Dealing With Allergies

Hay fever, or allergic rhinitis, is one of the most common ailments. Close to 20 million people were told last year by a doctor that they have hay fever. Hay fever describes the allergic symptoms that occur when the body’s immune system releases chemicals upon exposure to airborne allergens such as pollens, dust, animal dander or feathers. Plants that cause hay fever include trees, grasses and weeds.


Some hay fever symptoms occur immediately after you have been exposed to the allergen. They include:

  • Itchy nose, mouth, eyes, throat or ski.
  • Problems with smell
  • Runny nose
  • Sneezing
  • Watery eyes

Other hay fever symptoms may occur later:

  • Stuffy nose (nasal congestion)
  • Coughing
  • Clogged ears
  • Soar throat
  • Dark circles or puffiness under the eyes
  • Fatigue & irritability
  • Headache


  • Your health care provider may do a physical exam, ask questions about your symptoms and what triggers them, and run blood and skin tests to diagnose your condition.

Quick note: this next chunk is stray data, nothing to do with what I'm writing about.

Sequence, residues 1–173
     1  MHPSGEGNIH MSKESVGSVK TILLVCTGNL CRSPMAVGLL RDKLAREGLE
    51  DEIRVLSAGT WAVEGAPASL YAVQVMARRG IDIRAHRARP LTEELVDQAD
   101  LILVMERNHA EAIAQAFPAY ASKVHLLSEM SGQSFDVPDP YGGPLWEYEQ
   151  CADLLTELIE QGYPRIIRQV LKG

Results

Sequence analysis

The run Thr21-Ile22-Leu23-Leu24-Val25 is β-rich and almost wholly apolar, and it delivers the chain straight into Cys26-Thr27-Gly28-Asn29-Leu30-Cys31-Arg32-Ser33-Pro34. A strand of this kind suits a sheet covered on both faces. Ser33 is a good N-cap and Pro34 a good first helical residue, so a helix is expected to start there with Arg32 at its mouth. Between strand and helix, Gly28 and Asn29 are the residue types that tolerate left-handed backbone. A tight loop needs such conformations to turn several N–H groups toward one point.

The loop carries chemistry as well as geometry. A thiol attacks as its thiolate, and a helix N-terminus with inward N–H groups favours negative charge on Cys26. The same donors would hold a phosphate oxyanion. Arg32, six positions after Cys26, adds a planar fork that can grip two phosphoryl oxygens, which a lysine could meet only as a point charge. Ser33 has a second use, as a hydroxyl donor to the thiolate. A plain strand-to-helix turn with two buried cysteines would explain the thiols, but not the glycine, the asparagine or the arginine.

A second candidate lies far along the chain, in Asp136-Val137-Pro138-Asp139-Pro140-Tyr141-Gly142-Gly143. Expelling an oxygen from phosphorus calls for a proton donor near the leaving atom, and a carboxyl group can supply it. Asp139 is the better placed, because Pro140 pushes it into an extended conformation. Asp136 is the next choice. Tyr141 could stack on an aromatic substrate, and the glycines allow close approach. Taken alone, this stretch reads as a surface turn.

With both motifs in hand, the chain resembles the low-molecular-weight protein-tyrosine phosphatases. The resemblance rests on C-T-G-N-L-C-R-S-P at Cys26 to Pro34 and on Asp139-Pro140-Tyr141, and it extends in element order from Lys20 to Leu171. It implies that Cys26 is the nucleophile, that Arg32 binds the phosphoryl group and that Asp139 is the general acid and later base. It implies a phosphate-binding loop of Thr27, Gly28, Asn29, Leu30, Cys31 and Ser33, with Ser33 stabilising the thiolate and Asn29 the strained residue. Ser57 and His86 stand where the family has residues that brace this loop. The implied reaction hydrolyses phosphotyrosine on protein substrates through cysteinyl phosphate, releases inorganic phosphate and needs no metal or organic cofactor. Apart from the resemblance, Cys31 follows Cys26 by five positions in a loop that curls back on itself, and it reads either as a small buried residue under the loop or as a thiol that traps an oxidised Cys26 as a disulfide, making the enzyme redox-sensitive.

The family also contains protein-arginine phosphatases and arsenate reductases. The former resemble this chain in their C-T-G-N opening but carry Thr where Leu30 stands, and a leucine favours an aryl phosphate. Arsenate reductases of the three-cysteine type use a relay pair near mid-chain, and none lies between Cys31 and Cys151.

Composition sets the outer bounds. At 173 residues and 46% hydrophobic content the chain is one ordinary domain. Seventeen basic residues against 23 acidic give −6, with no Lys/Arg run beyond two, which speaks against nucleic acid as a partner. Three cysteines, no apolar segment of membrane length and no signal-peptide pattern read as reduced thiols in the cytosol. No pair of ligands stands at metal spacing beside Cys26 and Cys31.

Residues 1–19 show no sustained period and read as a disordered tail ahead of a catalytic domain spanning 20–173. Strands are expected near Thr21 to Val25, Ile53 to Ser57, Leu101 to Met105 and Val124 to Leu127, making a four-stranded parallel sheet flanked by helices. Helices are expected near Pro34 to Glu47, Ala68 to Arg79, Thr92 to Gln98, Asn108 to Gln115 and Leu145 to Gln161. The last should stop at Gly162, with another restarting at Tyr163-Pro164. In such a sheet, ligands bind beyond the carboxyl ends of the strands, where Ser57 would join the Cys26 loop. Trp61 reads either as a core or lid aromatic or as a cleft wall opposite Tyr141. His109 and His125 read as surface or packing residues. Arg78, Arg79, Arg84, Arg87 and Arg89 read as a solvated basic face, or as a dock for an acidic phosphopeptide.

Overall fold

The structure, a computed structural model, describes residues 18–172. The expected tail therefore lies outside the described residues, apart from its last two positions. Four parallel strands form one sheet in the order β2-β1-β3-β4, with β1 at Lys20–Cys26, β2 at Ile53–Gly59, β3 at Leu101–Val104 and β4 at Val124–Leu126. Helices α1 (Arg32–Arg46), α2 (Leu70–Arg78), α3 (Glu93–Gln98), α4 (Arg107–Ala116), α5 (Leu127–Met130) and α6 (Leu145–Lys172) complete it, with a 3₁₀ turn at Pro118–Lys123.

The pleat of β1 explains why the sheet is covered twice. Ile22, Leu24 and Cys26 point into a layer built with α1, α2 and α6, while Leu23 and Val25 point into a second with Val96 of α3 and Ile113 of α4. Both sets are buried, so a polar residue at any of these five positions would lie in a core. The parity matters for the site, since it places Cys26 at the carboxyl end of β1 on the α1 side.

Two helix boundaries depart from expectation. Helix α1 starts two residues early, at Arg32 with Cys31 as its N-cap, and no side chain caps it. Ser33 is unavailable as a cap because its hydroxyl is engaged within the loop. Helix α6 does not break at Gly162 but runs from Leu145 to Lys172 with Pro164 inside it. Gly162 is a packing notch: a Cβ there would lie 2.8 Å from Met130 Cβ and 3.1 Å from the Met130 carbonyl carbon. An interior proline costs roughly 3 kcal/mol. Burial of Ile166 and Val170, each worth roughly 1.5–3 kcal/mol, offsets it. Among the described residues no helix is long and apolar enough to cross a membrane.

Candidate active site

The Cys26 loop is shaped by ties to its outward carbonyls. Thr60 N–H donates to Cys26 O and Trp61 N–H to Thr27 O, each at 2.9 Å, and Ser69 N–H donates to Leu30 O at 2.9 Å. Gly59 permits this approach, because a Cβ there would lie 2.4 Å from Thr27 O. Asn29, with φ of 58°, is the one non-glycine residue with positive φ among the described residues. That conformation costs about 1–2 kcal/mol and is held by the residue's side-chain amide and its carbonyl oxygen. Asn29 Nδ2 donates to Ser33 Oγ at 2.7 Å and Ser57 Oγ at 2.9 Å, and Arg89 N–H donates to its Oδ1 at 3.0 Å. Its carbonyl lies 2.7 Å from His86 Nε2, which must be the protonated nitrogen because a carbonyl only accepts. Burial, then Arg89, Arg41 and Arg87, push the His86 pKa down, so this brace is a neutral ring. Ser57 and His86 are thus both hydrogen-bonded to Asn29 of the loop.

• Avoid the allergen whenever possible. Mild allergic rhinitis may be helped by a saline nasal wash to remove mucus from the nose.
  • Use prescription and nonprescription medications. Ask your health care provider about antihistamines, nasal corticosteroid sprays, decongestants and other medicines, such as leukotriene inhibitors.
  • Try immunotherapy via injection of allergen extracts to adjust and calm your body’s immune response.

Antihistamines and nasal steroids can be helpful for allergy symptoms which are available without a prescription. For more severe or persistent symptoms, a nasal steroid can help. Nasal steroids need to be used daily and may take a week to start working.